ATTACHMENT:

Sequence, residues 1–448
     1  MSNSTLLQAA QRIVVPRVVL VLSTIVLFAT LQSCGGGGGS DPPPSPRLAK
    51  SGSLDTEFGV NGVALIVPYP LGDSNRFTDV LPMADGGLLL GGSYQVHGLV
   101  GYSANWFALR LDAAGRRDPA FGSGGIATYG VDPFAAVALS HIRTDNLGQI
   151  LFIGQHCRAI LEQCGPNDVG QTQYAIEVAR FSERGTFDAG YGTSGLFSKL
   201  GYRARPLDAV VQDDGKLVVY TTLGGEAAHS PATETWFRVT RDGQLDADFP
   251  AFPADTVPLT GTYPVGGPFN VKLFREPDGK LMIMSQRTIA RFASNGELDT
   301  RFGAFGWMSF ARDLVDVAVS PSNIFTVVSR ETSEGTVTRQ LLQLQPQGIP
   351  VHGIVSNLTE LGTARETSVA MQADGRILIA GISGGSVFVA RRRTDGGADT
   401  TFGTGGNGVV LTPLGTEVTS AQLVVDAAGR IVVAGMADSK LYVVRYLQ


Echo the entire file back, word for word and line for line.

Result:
Sequence, residues 1–448
     1  MSNSTLLQAA QRIVVPRVVL VLSTIVLFAT LQSCGGGGGS DPPPSPRLAK
    51  SGSLDTEFGV NGVALIVPYP LGDSNRFTDV LPMADGGLLL GGSYQVHGLV
   101  GYSANWFALR LDAAGRRDPA FGSGGIATYG VDPFAAVALS HIRTDNLGQI
   151  LFIGQHCRAI LEQCGPNDVG QTQYAIEVAR FSERGTFDAG YGTSGLFSKL
   201  GYRARPLDAV VQDDGKLVVY TTLGGEAAHS PATETWFRVT RDGQLDADFP
   251  AFPADTVPLT GTYPVGGPFN VKLFREPDGK LMIMSQRTIA RFASNGELDT
   301  RFGAFGWMSF ARDLVDVAVS PSNIFTVVSR ETSEGTVTRQ LLQLQPQGIP
   351  VHGIVSNLTE LGTARETSVA MQADGRILIA GISGGSVFVA RRRTDGGADT
   401  TFGTGGNGVV LTPLGTEVTS AQLVVDAAGR IVVAGMADSK LYVVRYLQ